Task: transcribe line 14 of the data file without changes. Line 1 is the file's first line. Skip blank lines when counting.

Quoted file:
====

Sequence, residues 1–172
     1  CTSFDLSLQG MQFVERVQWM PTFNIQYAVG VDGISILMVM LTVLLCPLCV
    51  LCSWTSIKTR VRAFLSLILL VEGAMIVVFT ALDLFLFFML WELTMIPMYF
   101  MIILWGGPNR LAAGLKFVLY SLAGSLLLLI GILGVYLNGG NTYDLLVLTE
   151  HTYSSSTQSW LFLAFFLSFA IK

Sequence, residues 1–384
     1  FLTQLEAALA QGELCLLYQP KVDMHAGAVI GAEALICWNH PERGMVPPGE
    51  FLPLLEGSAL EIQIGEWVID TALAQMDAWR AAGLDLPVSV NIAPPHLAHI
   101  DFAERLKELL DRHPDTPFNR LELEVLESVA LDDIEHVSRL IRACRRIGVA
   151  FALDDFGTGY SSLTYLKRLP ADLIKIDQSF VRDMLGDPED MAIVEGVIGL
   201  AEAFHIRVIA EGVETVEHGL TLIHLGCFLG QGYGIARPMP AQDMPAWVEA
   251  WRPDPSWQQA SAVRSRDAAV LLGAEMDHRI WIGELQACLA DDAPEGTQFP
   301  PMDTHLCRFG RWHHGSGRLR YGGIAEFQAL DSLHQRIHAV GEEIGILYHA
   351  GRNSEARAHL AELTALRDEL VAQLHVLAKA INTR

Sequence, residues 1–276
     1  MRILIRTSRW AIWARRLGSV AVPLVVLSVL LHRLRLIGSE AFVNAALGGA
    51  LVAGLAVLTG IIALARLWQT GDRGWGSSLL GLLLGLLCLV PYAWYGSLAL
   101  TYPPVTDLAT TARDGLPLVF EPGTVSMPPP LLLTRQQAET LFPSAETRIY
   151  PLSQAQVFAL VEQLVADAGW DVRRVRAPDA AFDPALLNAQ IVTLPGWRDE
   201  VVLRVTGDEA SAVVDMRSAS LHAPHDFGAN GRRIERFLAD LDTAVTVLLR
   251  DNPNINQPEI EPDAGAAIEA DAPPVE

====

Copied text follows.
   351  GRNSEARAHL AELTALRDEL VAQLHVLAKA INTR